However, Thrall acknowledges it is “very cumbersome” to access AUC without a computer system, because the physician is forced to sift through a “protocol book with hundreds and hundreds of examples.” Yet, he also stresses that a physician champion could be a game changer for any practice, even those that do not have comprehensive health IT solutions.
Patient data: A missing linkIn addition to the need for greater health IT adoption, the incomplete nature of patient records complicates the process. In one of the few prospective studies assessing AUC using a computer-based tool, Hendel et al found that coronary heart disease risk could not be calculated in 17 percent of patients, and some dates for revascularization procedures were not available (J Am Coll Cardiol 2010;55:156-162). “The inability to collect complete data for common clinical variables at the point of ordering highlights that application of AUC is not necessarily simple,” says Miller.
“Hendel et al’s study was unique because the researchers collected data at the point of ordering,” says Miller. “Therefore, the ability to collect all data should have been 100 percent, but instead, 6.7 percent of the study population could not be assigned an appropriateness indication. And of that 6.7 percent, the reason was incomplete data in 75.6 percent.”
As a result, IT adoption alone cannot solve the conundrum of how to properly adopt and utilize AUC protocols. “Common clinical characteristics, such as cholesterol or the date of a previous revascularization, are often missing from medical records,” adds Miller, who notes this may improve with the HITECH Act pushing EMR adoption and standardization.
Alternative to RBMsThird-party payors more frequently require preauthorization by radiology benefit management companies (RBM), a process that Miller characterizes as “time consuming and frustrating for caregivers.”
If a practice or department determines a study is necessary, a nurse needs to call the RBM telephone number for approval, which can take anywhere from two minutes to longer than a half-hour, Miller explains. “When a caregiver is tied up with a process that equates to 100 percent of downtime, it is highly inefficient.” Also, the healthcare professionals often have “no idea on what basis the RBM bases its decision,” he adds.
Alternatively, if AUC is incorporated into CPOE systems, it “fits into the work process of the referring physician, who can enter the exam and patient selection into the computer, and the answer is returned very quickly,” Thrall says. “Physicians far prefer CPOE with CDS for appropriateness of use, compared with having to leave the patient, make a phone call, wait on hold or speak with up to three different people and in the end, not understand the answer they receive. As more electronic information systems become available, a computer-based approach with AUC will gain more widespread acceptance, and have a greater utility than the RBM approach.”
This alternative approach could cause payors to re-examine the process of imaging reimbursement. “Importantly, this type of software could bring about automatic billing from third-party payors, rather than going on the billing circuit where the payors try to resist all exams that we attempt to bill for because a significant percentage is redundant imaging, in their attempt to figure out what tests are irrelevant to the patient’s care,” Norbash says. “In addition to facilitating improved patient care, it also guarantees payment because the third-party payors have also agreed on the sensibility of those particular entry criteria for imaging.”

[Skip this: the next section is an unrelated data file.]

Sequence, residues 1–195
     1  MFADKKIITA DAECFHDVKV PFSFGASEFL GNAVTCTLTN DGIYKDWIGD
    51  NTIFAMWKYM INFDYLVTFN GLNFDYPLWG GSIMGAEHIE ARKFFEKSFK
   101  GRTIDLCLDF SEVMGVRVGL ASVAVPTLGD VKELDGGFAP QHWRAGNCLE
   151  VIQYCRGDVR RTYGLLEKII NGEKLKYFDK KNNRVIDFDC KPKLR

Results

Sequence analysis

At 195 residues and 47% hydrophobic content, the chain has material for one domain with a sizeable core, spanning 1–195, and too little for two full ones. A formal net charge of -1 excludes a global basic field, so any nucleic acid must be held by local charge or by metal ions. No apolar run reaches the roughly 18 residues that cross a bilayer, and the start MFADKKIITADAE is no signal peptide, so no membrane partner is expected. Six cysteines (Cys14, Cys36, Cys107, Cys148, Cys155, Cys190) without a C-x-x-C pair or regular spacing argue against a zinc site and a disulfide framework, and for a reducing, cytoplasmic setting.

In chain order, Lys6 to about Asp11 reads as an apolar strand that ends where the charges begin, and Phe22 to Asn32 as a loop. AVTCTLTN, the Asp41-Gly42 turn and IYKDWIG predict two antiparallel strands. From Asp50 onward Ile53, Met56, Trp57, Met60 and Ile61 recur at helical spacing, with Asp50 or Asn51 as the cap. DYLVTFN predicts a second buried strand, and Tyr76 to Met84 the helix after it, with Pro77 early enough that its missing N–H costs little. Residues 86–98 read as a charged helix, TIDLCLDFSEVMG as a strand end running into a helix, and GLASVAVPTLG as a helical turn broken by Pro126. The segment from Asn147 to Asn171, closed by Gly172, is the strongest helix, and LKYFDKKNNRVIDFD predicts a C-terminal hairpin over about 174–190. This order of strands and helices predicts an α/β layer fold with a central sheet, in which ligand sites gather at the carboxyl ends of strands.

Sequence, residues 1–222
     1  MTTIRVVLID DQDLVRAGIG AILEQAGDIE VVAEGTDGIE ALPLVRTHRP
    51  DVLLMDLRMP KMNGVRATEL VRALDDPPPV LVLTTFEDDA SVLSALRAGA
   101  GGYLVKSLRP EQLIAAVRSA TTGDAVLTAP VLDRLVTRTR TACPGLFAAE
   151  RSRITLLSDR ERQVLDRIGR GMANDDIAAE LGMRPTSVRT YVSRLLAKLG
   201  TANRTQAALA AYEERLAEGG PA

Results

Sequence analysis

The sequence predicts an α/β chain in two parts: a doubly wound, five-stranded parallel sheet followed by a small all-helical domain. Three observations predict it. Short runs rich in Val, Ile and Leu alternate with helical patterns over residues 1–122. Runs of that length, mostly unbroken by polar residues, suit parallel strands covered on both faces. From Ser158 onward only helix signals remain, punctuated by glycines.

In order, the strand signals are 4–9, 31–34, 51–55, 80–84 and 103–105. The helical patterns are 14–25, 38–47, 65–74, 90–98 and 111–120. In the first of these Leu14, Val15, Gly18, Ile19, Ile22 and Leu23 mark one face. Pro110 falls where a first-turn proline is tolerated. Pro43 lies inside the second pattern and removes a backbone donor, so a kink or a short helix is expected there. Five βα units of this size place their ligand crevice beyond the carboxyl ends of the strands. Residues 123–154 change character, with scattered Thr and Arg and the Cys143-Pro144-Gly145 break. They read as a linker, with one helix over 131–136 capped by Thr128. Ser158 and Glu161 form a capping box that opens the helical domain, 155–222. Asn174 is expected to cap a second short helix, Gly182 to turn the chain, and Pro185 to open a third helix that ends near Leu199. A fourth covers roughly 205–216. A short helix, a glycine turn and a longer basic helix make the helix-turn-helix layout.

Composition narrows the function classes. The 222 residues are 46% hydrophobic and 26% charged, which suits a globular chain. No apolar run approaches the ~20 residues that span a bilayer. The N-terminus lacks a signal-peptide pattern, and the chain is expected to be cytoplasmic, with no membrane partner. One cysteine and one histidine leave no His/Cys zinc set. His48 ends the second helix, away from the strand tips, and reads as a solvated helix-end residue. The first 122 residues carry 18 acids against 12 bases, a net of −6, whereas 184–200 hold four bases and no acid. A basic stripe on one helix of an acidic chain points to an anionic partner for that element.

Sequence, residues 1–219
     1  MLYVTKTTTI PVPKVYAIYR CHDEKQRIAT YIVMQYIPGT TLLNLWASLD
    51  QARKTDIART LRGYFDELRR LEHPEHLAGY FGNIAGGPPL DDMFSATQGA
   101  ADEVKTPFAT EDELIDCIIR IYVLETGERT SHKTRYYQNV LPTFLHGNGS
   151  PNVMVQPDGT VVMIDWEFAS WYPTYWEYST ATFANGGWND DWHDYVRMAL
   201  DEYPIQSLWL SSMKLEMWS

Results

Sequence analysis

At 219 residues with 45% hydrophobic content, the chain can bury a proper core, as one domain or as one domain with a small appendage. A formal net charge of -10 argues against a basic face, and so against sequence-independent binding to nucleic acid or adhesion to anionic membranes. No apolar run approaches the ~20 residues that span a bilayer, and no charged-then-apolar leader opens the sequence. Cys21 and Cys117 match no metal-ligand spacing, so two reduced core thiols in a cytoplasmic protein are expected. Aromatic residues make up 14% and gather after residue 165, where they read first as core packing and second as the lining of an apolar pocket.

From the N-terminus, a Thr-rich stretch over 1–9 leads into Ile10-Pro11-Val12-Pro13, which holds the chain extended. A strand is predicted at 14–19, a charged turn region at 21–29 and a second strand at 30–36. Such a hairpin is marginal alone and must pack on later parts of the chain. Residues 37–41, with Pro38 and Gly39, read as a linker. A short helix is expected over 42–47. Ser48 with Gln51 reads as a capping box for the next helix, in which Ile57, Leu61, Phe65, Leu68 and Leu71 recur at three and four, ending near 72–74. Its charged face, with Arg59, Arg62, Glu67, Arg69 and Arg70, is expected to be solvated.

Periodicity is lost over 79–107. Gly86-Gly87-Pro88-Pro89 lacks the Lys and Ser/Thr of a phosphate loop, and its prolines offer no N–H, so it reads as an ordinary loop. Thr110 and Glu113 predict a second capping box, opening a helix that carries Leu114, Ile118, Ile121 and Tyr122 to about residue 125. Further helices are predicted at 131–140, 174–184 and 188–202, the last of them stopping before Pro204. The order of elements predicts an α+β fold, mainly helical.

Also, Norbash adds that radiology departments and practices need to maximize revenues they recoup, so “we push the correct buttons where signs and symptoms are concerned and third-party payors will reimburse us … whether the payor is government or insurance.” He says the process ultimately needs “buy-in from RBMs and payors.”
Next step: Engaging the payorsProfessional organizations are attempting to work with payors to bring about change and collaboratively develop systems of care.
Discussions are underway with several health plans about adoption of alternatives to RBMs, based on the AUC and tied to quality improvement and education tools. For instance, the ACC Medical Director’s Institute is working with payors, like UnitedHealthcare, to pilot AUC as a CDS tool.
“It’s inevitable that practices will be incentivized for adopting AUC because imaging is a significant driver of healthcare costs—particularly redundant imaging—and financial incentives will mobilize universal acceptance,” Norbash says. “Or, third-party payors could mandate this to decrease total payouts, creating a process that would be a little more confrontational. Clearly, if there is an added benefit, a certain percentile added for the practices that employ AUC, it’s more likely to be accepted earlier.”
Whether AUC is incentivized or not, it may soon be mandated, as federal and state governments look to curtail medical costs associated with imaging. “Unfortunately, it often takes legislation, like the recent California radiation dose tracking [law], to facilitate action for healthcare providers,” Thrall observes. That law is first across the country.
Government intervention doesn’t necessarily “put the proper tools in place for doctors to actually undertake what the legislation requires,” he adds. “Therefore, the professional societies will remain important for tools, such as the ACR registry system for radiation dose, for mammography callback rates and other markers of quality and safety. While it often takes legislation to capture people’s attention, it takes organizations that understand the domain to put the practical solutions in place.”
Due to pressure from a variety of sources, appropriate use criteria seem like they are here to stay, with health IT easing and facilitating adoption. In addition to curbing inappropriate use and its associated costs, AUC could potentially translate to increased practice revenue by improving communication and buy-in about quality markers with payors.